Inside a thunderstorm, the movement of rain and ice creates a separation of electrical charges, with the negative charge (electrons) forming at the bottom of the cloud and the positive charge (protons) forming at the top.
Have you ever rubbed your feet across carpet and then touched a metal door handle? Did you get shocked? Lightning works in the same way. Source: Lightning | WikiMedia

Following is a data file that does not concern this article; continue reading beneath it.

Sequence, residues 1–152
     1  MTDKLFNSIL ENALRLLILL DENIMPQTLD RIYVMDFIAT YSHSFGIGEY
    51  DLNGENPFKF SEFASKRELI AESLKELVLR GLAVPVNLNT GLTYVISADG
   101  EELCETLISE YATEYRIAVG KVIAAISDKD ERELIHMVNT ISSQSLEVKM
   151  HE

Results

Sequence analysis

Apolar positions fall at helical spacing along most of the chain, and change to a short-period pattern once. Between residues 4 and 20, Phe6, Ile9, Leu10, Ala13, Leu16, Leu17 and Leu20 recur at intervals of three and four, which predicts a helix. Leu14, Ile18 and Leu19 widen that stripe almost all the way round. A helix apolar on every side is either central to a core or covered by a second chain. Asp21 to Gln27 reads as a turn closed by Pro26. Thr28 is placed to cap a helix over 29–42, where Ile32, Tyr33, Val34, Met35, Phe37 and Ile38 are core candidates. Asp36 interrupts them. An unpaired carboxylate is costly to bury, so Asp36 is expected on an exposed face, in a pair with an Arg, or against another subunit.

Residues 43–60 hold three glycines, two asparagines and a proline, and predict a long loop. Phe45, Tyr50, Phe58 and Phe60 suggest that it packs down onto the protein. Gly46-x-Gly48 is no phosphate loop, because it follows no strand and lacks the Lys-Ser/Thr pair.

Since opposites attract, that causes a positive charge to buildup on the ground beneath the cloud. Lighting is the electricity produced when the two charges eventually connect. When the air heats rapidly due to lightning, it quickly expands, creating an acoustic shock wave that we call thunder. If you are close enough to hear thunder, you are close enough to be struck by lightning.